Activist fund Pershing Square regains its balance

Fireman holding chocolates
Mondelez and Cadbury: double-digits but dull

Pershing Square, US activist Bill Ackman’s fund, struggled when it floated in 2014. But it is now reviving and looks cheap.

The more popular a fund’s stockmarket flotation, the worse the subsequent performance. Investors have often backed a star fund manager only to be disappointed. Prime examples include Fidelity China in 2010, Woodford Patient Capital in 2015 and Pershing Square in late 2014.

Pershing Square (LSE: PSH), a US-focused activist fund managed by Bill Ackman, raised $2.7bn by converting the hedge fund he had started in 2004 into a closed-end investment fund. Ackman had seen his investment strategy undermined by withdrawals totalling over a quarter of the fund in the financial crisis.

He wanted to protect his capital base and draw in a wider circle of investors. His strategy was to take sizeable stakes in underperforming businesses and persuade them to change management or strategy. Such was his reputation that other investors would jump on the bandwagon and help him drive change.

A poor start

The investment record was stellar, including a 40% return in 2014 driven by an investment coup in Canadian Pacific Railway, but the shares fizzled on their debut and it was downhill from there. Between 2015 and 2017 the fund lost 34% while the S&P 500 index returned 38%.

The poor performance stemmed mostly from two disasters. Pershing Square had backed the contested bid by Valeant (now Bausch Health Companies), owners of eye-care business Bausch + Lomb, for Allergan, best known for its Botox product, by buying shares in both companies. Allergan was then bought by Actavis, while the highly acquisitive and heavily indebted Valeant became the focus of controversy about excessive price hikes by drug companies, prompting a regulatory investigation. The share price fell by 90%.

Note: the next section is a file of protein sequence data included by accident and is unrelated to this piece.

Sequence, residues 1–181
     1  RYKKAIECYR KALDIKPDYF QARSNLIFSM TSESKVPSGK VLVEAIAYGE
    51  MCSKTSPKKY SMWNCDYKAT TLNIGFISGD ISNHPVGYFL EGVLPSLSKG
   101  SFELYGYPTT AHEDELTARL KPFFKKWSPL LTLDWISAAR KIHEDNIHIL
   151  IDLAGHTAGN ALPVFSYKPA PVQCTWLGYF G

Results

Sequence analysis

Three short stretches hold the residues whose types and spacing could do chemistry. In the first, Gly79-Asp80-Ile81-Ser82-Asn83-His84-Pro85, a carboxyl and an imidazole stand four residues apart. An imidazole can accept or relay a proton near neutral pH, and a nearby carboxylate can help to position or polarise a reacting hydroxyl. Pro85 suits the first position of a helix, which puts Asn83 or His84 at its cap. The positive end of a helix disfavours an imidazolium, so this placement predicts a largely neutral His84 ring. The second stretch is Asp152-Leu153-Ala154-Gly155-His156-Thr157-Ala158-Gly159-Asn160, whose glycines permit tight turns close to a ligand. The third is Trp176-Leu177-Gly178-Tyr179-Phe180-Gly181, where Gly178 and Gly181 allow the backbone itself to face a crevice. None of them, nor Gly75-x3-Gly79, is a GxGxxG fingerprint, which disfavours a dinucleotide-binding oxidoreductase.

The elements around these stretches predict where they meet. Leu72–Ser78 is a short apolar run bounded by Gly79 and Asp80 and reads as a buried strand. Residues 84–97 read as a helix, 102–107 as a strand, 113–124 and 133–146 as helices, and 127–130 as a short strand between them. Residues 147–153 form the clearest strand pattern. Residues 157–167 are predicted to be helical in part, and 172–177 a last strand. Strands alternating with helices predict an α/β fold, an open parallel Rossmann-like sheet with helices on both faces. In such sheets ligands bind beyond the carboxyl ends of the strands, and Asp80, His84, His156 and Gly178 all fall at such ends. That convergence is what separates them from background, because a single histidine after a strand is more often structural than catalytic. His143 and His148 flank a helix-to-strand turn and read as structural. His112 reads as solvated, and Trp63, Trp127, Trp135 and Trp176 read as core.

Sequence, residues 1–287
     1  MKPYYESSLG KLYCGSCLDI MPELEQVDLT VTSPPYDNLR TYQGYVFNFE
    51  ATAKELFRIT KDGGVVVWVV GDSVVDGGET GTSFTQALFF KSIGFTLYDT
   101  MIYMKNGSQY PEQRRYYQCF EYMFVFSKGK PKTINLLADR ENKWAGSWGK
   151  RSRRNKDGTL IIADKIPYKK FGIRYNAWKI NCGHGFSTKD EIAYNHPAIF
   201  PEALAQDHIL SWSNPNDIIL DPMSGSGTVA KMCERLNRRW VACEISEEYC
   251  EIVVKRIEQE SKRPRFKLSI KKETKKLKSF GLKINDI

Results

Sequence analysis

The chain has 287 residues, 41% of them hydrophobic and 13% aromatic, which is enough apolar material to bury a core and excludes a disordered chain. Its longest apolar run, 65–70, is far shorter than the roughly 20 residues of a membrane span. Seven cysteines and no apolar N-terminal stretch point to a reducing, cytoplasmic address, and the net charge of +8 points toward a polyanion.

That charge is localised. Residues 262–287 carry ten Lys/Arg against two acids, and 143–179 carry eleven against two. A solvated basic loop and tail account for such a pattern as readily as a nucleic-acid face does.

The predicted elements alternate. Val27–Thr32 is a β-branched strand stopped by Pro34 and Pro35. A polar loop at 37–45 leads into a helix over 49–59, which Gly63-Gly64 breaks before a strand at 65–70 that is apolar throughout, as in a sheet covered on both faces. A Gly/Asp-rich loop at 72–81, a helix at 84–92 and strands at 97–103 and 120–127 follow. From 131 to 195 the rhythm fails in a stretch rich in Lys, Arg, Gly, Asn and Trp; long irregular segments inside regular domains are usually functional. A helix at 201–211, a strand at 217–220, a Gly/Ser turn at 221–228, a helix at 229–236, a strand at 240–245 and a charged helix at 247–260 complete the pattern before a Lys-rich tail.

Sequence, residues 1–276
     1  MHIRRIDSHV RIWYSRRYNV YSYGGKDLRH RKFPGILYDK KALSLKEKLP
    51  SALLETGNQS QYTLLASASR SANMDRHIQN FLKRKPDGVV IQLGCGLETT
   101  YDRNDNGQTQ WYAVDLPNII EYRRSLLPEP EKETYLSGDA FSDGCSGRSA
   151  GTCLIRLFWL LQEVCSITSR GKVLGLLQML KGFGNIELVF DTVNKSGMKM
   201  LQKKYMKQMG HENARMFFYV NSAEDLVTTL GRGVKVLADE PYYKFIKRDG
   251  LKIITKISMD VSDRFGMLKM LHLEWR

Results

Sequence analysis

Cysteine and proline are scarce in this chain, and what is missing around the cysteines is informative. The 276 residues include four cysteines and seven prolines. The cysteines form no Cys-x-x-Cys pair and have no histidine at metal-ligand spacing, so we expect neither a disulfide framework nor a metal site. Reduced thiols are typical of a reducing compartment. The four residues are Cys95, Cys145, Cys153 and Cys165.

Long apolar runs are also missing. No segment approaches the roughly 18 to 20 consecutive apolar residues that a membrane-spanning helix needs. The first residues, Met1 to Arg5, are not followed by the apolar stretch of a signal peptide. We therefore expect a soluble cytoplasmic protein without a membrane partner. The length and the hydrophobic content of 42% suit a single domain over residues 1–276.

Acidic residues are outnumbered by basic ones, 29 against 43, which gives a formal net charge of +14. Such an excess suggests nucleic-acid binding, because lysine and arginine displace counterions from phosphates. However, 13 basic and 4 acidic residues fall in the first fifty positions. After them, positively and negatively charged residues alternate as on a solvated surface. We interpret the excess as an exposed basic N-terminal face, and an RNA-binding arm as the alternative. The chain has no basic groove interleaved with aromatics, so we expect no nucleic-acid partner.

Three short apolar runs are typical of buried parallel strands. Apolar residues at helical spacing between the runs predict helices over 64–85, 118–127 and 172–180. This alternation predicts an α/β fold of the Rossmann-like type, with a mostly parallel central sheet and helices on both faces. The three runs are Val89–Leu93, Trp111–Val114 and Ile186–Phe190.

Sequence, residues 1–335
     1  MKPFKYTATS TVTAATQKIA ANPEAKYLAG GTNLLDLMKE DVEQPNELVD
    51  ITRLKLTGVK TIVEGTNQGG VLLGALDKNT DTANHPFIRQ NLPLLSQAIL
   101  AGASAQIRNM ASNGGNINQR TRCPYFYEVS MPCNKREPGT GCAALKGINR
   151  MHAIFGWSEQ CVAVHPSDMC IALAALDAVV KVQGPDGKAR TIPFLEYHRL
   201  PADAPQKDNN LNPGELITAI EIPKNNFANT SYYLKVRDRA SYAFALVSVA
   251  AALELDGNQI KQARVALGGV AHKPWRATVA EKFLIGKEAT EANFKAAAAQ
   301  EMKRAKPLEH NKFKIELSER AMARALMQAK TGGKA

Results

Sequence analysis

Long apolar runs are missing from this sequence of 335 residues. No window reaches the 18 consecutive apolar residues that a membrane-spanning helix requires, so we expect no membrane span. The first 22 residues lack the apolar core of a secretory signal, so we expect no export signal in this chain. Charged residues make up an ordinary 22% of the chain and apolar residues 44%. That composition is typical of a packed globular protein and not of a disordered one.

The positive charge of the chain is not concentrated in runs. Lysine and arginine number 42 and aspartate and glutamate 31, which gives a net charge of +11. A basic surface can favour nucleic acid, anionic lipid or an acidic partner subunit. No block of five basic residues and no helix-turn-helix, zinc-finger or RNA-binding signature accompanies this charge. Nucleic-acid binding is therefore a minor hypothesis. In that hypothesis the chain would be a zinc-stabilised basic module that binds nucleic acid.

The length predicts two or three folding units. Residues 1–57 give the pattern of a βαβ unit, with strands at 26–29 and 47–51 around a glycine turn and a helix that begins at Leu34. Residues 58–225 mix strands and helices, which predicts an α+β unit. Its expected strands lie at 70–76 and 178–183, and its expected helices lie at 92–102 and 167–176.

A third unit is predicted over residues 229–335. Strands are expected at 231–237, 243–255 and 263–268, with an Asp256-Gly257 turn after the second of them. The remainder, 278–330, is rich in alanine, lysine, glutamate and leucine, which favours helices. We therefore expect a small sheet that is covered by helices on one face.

Meanwhile, Pershing Square had sold short the shares of Herbalife, which sells nutrition products through commission-based agents. Ackman accused it of being an illegal pyramid scheme, publishing a detailed and well-argued analysis to support his case. With another heavyweight activist, Carl Icahn, taking the opposite view, the dispute became personal and the regulators refused to take sides. Pershing Square closed its short position at a substantial loss early this year. Since then there has been a marked improvement in performance with an 11% return in the first seven months of 2018. “We have made very good progress since the end of the first quarter and the fund is fully invested,” says Ackman. Disclosure of the fund’s holdings is limited as Ackman prefers to wait until he has finished buying. But successes include ADP, the data processing company, which is up 22% this year.

Pershing’s promising portfolio

Lowe’s, a DIY chain, is also doing well, up 15%. Much more is expected: “The gain does not reflect any of the opportunities.” The share performance of Mondelez, owner of Cadbury, has been dull, a de-rating of the sector offsetting double-digit earnings growth at the company.

The outlook for Restaurant Brands, which owns the Canadian-based Tim Hortons brand, is enhanced by the opening of 1,500 outlets in China, while United Technologies is seeing strong organic growth.

Ackman and other affiliates of Pershing Square clearly have confidence in the portfolio. They have bought over six million shares and now jointly own 16.4% of the firm; Ackman holds 14.6%. Yet the shares still trade at £12, on a 23% discount to net asset value of £15.60.

Fidelity China has shown that funds that start their public life on the wrong foot can regain their balance. Pershing Square appears to be following its example, and that is certainly not reflected in the share price.